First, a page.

If Covid-19 had struck us 100 years ago, would it have seemed as big of a deal?
I read an interesting article recently concerning our perception of risk, in relation to what we have experienced historically. Quite simply, if we have never dealt with risk, and risk has never been a major factor in our daily lives, then sudden exposure to it is going to be terrifying.
Consider past pandemics…
The 1918 Spanish flu pandemic infected around a third of the world’s population. The strain was new and novel for most who fell in the 20-40 age bracket, yet the death rate in that demographic was extremely high, making it different from other, usual flu infections. This was at a time when there were no vaccinations or treatments for flu, and no antibiotics to treat secondary infections. Life was also different. A war was underway and soldiers were carrying the virus all over the world, as well as risking their lives simply by the very nature of their job. Living conditions were more cramped and hygiene generally not as good. Essentially, there was a lot to be worried about. The risk of the virus spreading was high, and the ability to treat anyone who fell ill with it was low.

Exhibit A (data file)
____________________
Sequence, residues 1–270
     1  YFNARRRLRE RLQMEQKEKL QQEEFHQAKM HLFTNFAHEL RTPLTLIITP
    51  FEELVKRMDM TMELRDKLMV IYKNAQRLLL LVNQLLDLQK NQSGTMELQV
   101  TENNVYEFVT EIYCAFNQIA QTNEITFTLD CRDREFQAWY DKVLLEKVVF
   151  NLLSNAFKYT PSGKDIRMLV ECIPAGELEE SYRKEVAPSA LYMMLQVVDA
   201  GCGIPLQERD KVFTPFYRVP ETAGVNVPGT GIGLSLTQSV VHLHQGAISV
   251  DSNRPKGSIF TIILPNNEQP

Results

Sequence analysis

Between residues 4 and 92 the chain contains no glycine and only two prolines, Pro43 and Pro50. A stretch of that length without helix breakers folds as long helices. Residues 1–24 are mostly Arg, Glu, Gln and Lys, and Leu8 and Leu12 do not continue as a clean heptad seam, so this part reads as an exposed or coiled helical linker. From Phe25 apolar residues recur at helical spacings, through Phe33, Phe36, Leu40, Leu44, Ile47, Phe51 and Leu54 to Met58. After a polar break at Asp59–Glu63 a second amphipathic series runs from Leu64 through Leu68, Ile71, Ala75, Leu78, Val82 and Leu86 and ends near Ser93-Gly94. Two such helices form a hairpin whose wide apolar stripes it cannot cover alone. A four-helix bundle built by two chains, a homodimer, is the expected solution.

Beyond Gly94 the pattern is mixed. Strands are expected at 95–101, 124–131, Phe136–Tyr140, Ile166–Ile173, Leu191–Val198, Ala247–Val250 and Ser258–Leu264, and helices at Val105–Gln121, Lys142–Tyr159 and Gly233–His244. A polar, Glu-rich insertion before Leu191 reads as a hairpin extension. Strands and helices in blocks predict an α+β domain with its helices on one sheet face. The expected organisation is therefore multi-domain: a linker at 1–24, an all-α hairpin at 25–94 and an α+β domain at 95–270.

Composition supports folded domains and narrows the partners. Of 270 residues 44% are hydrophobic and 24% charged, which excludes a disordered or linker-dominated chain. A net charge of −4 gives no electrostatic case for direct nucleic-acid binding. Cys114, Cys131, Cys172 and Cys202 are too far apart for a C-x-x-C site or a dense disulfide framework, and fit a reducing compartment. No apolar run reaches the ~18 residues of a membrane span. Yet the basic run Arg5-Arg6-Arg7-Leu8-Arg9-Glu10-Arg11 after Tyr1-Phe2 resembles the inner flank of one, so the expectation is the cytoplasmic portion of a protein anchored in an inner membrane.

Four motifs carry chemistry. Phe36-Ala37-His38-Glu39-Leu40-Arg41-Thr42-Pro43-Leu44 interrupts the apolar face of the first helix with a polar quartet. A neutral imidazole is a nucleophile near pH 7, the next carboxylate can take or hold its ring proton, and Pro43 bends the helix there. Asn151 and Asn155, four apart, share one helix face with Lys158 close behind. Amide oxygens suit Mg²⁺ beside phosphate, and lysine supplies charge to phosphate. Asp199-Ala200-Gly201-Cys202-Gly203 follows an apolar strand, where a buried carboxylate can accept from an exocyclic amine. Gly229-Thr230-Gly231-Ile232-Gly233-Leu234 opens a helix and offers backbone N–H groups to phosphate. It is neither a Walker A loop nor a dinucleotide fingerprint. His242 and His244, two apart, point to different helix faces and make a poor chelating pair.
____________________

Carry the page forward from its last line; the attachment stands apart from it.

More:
Had Covid-19 struck two years later, in 1920, would it have seemed all that bad? By then, people were used to living with risk, and it’s possible it would have been seen as just another pandemic.
Now consider Covid-19…
Catching this infection is not to be played down by any means, but the risk factors are different. We are not in the midst of a war and while global movement is still a factor, there was a long while where travel was barely happening at all – it’s easier to close borders now than it was 100 years ago. We are living in a world with better awareness of viruses and how they work, better medical treatment and better hygiene. In fact, medically we have probably never been in a stronger position to tackle a pandemic – but as we’ve had it so good, for so long, the psychological factor is a major issue. Put simply, the concept of a pandemic is terrifying, largely because it’s so foreign to us. What was tragic in the past was, until now, inconceivable in the present.
So what does this mean?
Well, it means that we are more aware of risk again. Had Covid-19 struck 100 years ago, there was so much else going on that it would probably have just been given a single page in the history books. In 2020 though, it will be a historically defining event that fundamentally changes how we think about risk.
This article does not constitute financial advice and should not be construed as such.